This set profiles inventors recognized for shaping modern technology and the way we live today. Essays highlight the individual's historical importance and focus on the subject's early life, most significant achievements, the individual's place in history and how their inventions changed the way we live.
Great Lives from History: Inventors and Inventions features 409 essays covering 413 individual inventors (including 27 women) from all time, worldwide. All essays were written specifically for this new publication. The editors have included in this set those inventors recognized for shaping modern technology and the way we live today—coverage that is essential in any liberal arts curriculum. The editor's criteria for including these individuals in this publication took into account their fame as inventors, the significance of their inventions, the amount of time they spent inventing, their representation of world inventors, their relevance to class curricula, and their interest to high school, undergraduate, and general readers.
For purposes of this publication, the term "invention" was defined to include not only mechanical and other physical devices but also processes (e.g., the Bessemer process for making steel), software (such as Grace Hopper's invention of COBOL), and systems such as those applied to business management. Pure scientific theories (such as laws of physics) were excluded, although rare exceptions were made for such systems and tools that have had a comprehensive influence on our way of interacting with the world, such as Aristotle's invention of the first system of biological taxonomy, Newton's creation of the calculus, and Einstein's theories of relativity.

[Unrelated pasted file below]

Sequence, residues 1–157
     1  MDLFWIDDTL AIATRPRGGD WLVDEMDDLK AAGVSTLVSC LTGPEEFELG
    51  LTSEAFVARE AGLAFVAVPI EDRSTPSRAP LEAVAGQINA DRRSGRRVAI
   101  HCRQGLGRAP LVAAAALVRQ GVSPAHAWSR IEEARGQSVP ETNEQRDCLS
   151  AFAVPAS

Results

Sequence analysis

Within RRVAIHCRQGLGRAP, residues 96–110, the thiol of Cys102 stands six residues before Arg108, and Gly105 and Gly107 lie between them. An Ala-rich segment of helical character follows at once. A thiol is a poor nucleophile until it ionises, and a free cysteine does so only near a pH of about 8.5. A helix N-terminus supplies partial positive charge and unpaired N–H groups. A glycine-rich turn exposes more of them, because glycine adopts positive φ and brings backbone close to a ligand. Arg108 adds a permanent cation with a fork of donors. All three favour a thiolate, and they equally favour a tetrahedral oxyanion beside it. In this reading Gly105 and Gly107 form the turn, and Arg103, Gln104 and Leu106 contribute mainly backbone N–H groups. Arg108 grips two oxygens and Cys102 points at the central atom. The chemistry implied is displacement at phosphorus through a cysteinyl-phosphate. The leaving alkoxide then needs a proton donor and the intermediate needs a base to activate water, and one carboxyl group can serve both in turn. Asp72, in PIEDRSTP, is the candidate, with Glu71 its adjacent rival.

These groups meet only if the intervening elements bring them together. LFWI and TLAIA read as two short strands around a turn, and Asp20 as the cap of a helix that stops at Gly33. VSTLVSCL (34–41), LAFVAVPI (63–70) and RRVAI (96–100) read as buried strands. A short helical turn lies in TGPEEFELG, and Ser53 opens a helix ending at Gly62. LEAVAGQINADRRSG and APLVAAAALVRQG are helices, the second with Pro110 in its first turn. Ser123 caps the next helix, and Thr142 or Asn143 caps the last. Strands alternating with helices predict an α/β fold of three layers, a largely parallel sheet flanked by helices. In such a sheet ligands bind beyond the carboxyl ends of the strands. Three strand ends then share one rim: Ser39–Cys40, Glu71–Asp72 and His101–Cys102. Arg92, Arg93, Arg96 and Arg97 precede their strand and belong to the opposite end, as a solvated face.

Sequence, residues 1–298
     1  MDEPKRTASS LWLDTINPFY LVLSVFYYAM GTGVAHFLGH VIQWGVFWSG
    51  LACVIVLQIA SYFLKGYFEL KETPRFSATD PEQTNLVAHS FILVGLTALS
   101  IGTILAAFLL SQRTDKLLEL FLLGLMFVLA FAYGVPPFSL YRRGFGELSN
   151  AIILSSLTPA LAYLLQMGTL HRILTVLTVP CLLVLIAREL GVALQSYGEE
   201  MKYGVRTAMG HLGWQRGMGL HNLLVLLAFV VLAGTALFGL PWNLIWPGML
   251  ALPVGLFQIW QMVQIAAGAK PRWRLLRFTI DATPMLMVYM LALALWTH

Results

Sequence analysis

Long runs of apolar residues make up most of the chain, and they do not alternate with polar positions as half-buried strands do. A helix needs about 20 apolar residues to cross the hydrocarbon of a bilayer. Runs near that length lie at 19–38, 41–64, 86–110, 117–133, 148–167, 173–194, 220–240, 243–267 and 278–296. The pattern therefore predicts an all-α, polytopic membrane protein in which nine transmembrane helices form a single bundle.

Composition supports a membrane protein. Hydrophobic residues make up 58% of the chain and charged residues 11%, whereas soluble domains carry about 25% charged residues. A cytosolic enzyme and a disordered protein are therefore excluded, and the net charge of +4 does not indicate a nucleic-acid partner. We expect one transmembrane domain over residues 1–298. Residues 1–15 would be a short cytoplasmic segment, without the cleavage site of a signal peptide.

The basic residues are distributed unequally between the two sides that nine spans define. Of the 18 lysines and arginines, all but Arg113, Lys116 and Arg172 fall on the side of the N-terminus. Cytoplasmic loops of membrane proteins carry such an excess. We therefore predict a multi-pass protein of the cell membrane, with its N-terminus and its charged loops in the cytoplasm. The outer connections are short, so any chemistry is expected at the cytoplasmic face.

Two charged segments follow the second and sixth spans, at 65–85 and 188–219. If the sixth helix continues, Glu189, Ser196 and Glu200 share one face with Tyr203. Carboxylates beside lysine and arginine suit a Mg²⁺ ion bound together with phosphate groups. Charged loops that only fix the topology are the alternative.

ORGANIZATION AND FORMAT
Each essay ranges from 2,000 to 2,500 words in length (3 to 4 pages) and displays standard ready-reference top matter offering easy access to biographical information including the individual's name, nationality, occupation, area of achievement, and dates of birth and death. Also included is a summary paragraph highlighting the individual's historical importance in relation to his or her inventions. The body of each essay is divided into three major sections:
"Early Life" provides facts about the individual's upbringing and the environment in which he or she was reared.
"Life's Work," the heart of the essay, consists of a straightforward, generally chronological account of the period during which the individual's most significant achievements were accomplished.
"Impact" provides an overview of the individual's place in history, particularly as his or her inventions changed the way we live.
The front matter includes:
- A Complete List of Contents
- Pronunciation Key
- "List of Inventions"
- Essay on Patent Law
- Chronological List of Entries
- Timeline of Inventions
- Biographical Directory of Inventors
- Category Index
- Geographical Index
- Inventions Index
- Subject Index